Naomi Stanton disagree with this. She makes the argument, and I think this is an important one, that the pressure on us as youth workers to accede to the requirements for curriculum, evidence and outcomes see us increasingly beholden to the demands of funders. In my own experience what happens here in Scotland is that rather than an outright curriculum, the demanded outcomes are written into the contract before your service has even bid for the pot of money. Funders impose conditionalities on the money and it is then up to the service to provide evidence that they have met the criteria or else they risk being side-lined in future for contracts. This payment by outcomes method leaves little room for educators to start where young people are at. For other youth workers in other areas there is perhaps more freedom to be guided by the principles of youth work. But arguably our ability to find room to stick to the ‘first principles’ advocated by Jeffs, Robertson and Stanton is getting tighter and tighter. Stanton makes the important point (contra Ord) that even allowing a little bit of curriculum into our work will undermine the philosophy underpinning our role and lead to an ever increasing encroachment by the forces of the market.
Surely if we submit to even small compromises of our flexibility in a culture that prizes the scientifically quantifiable, more such demands will simply be imposed upon us…it now remains to be seen whether in our attempts to keep the funding, we will also keep the young people.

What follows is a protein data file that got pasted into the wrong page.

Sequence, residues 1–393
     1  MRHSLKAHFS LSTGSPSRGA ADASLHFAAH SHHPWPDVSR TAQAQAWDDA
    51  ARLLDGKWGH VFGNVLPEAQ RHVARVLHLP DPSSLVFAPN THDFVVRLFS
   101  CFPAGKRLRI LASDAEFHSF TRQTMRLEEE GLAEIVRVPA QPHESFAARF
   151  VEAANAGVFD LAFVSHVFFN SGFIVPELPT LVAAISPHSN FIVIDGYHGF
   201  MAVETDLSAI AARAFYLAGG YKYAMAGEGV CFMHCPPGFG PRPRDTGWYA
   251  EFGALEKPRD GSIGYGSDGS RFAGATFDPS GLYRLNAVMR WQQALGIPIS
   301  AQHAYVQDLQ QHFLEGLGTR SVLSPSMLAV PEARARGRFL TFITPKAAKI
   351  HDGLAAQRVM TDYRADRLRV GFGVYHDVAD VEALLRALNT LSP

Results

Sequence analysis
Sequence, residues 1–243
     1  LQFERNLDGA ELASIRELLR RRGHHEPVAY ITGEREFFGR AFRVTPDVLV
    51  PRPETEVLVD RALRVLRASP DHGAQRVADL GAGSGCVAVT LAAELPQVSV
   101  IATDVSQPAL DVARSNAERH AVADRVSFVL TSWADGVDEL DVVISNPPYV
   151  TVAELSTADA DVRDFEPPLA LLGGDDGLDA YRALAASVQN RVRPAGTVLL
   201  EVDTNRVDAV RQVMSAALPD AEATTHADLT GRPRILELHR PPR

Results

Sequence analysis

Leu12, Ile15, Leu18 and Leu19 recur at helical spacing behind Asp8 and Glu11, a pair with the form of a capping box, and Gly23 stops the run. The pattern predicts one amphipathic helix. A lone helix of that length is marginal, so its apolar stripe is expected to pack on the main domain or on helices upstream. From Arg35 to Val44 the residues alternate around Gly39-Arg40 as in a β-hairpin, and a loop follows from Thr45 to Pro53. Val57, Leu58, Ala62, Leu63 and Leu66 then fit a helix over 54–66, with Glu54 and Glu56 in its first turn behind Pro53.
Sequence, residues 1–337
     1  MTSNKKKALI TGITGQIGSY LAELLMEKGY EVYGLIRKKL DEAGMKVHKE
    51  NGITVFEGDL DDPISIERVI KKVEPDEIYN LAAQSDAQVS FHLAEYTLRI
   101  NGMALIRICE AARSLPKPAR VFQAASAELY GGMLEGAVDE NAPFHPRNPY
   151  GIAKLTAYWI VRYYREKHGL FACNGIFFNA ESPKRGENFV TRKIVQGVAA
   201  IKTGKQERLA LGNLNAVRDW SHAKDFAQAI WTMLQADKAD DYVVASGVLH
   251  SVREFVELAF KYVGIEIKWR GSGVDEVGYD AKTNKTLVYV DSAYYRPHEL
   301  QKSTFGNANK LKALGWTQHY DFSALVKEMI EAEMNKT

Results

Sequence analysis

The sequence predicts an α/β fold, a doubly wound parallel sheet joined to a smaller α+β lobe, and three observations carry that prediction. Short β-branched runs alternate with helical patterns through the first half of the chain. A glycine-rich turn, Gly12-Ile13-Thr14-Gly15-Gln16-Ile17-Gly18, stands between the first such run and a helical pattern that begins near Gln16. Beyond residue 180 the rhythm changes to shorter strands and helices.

As she says, we might get the funding but will we get the young people? And from my own point of view, if we get the young people is what we are doing actually youth work? Or something else altogether? Youth development perhaps? But not youth work.
Given that the arguments have been primarily against him, I’m going to give the last word to Tom Wylie. He makes what I think is an important point and one still relevant to the current context:
Youth work needs to make a convincing case for proper investment and show, in figures not just in stories, how individuals, communities and society benefit. It is not unreasonable, surely, for youth workers to be able to say: ‘with this level of resource we will be able to reach this number of young people, we will be able to help more of them to decide things for themselves, take responsibility for this or that activity (‘recorded outcomes’); and for a number of them to make progress in acquiring new skills which are robust enough to be accredited by an external body, if they choose’? Properly aggregated, and backed by good research on beneficial impact, such an approach would show convincingly how youth work contributes to individual well-being and social capital.